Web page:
When your exhale is twice as long as your inhale, it soothes your parasympathetic nervous system, which regulates the relaxation response.[11]

                                            Nutrition

                                            Diet is vital for beating fatigue if you’re feeling tired all the time – after all, food is your main source of energy.

                                            If your diet is poor, then it implies you’re not getting the nutrients you need to sustain healthy energy levels, which may lead to daytime sleepiness.

                                            Eating a diet for fatigue doesn’t need to be complicated or time-consuming though. For most people, it’s just a case of swapping a few unhealthy foods for a few healthier ones, like switching from low-fiber, processed foods to whole, high-fiber foods.

                                            Here’re 9 simple diet swaps you can make today:

                                            1. Replace your morning coffee with Matcha green tea and drink only herbal tea within six hours of bedtime.
                                            2. Add a healthy fat or protein to any carb you eat, especially if you eat before bed.
                                            3. Fill up with fiber, especially green leafy vegetables.
                                            4. Replace refined, processed, low-fiber pastas and grains with zucchini noodles and whole grains such as buckwheat, quinoa, sorghum, oats, amaranth, millet, teff, brown rice, and corn.
                                            5. Swap natural sweeteners for refined sugars, and try to ensure you don’t get more than 25g of sugar a day if you are a woman and 30g of sugar a day if you are a man.
                                            6. Replace ice cream with low-sugar alternatives.
                                            7. Swap omega-6, partially-hydrogenated oils such as corn, palm, sunflower, safflower, cotton, canola and soybean oil for omega-3 oils such as flax, olive, and nut oils.
                                            8. Replace high-sugar yoghurts with low-sugar, dairy-free yoghurts.
                                            9. Swap your sugar-laden soda for sparkling water with a splash of low-sugar juice.

                                            Also, ensure your diet is giving you enough of the daily essential vitamins and minerals. Most of us don’t get enough Vitamin D, Vitamin B-12, Calcium, Iron, and Magnesium. If you are low on any of the above vitamins and minerals, you may experience fatigue and low energy.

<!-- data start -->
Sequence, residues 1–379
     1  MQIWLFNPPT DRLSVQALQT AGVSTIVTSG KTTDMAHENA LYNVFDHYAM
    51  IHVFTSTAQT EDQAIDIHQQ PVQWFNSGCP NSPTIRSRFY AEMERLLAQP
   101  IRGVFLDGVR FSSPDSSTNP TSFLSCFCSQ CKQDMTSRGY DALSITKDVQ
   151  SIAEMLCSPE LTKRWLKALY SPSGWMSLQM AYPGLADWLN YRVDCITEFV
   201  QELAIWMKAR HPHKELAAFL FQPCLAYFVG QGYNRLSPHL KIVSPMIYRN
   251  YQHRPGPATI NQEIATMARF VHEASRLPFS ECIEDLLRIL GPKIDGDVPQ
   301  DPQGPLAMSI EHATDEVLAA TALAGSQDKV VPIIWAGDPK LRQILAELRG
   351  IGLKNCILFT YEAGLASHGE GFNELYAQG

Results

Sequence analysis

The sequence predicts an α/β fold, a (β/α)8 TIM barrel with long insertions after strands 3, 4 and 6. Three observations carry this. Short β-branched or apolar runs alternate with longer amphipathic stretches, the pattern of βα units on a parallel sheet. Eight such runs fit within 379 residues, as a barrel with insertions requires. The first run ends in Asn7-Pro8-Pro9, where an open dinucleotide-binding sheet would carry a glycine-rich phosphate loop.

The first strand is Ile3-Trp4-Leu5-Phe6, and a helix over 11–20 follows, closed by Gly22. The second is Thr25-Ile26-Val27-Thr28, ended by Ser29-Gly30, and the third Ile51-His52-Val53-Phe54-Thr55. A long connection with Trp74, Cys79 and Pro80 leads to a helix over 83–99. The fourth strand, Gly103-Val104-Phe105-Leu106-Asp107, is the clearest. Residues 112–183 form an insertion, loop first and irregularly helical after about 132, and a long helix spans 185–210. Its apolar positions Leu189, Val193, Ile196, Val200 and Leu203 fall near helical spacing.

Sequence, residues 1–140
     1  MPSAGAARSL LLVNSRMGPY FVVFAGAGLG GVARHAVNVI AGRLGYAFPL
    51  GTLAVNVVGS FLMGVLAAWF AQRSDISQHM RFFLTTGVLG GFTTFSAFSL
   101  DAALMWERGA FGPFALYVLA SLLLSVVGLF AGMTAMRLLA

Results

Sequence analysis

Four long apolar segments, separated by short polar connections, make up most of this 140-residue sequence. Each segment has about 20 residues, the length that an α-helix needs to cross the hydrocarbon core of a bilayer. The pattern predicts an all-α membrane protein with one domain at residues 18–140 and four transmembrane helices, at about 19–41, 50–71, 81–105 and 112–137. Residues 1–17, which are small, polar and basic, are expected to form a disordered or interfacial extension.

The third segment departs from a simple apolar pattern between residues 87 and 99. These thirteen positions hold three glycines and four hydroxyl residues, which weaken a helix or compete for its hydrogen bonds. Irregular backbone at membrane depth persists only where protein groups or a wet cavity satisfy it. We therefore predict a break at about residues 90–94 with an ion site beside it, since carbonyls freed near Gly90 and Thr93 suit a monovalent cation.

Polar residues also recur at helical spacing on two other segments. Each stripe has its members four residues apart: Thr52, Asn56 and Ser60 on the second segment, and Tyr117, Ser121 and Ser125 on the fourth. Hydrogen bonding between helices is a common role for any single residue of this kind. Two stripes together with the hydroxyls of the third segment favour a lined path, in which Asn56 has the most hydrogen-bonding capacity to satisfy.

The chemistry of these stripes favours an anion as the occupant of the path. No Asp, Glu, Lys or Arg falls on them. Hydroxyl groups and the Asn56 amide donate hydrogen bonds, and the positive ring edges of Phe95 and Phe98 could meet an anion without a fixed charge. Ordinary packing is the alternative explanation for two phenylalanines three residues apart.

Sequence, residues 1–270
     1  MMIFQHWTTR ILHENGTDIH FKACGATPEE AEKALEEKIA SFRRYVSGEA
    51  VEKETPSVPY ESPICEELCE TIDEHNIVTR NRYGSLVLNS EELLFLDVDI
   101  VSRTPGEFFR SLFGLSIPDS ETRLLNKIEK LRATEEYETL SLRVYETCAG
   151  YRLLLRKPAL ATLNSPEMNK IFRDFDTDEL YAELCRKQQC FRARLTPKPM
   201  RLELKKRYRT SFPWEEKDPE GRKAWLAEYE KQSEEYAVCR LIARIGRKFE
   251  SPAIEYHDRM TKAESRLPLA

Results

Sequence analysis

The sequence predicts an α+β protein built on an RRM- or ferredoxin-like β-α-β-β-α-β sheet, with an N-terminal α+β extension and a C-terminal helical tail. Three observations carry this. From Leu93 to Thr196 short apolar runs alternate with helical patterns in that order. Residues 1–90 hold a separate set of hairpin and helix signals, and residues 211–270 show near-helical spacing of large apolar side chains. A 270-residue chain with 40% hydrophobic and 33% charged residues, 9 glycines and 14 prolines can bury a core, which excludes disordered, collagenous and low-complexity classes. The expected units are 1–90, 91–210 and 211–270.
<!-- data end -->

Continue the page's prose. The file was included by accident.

That’s why it’s always worth having your doctor check your levels. If you find any of them are low, then try to eat foods rich in them.

                                            Alternatively, you might consider a high-quality multivitamin or specific supplement.

                                            The Bottom Line

                                            If you are tired of feeling tired all the time, then there is tremendous hope.

                                            If you are tired because you are not getting enough high-quality sleep, then the best remedy is a bedtime routine based on sleep best practices. If you are tired because you have stress and fatigue, then the best remedy are four simple lifestyle changes discussed above.

                                            Overall, adopting a healthier lifestyle is the ideal remedy for feeling more rested and energized.

                                            More Tips to Stop Feeling Tired All the Time

                                            Featured photo credit: Cris Saur via unsplash.com

                                            Reference

                                            [1] YouGov: Two-fifths of Americans are tired most of the week
                                            [2] National Safety Council: Is Your Company Confronting Workplace Fatigue?
                                            [3] The New York Times: Why Are We So Freaking Tired?
                                            [4] Mayo Clinic: Chronic fatigue syndrome
                                            [5] Very Well Health: Differences Between Sleepiness and Fatigue
                                            [6] Advanced Sleep Medicine Services: NEW Guidelines: How much sleep do you need?
                                            [7] Mayo Clinic: Lack of sleep: Can it make you sick?
                                            [8] Ask Dr. Sears: The L.E.A.N. Lifestyle
                                            [9] National Institute on Aging: Sleep loss encourages spread of toxic Alzheimer’s protein
                                            [10] American Psychological Association: Getting a Good Night’s Sleep
                                            [11] Yoga International: Learning to Exhale: 2-to-1 Breathing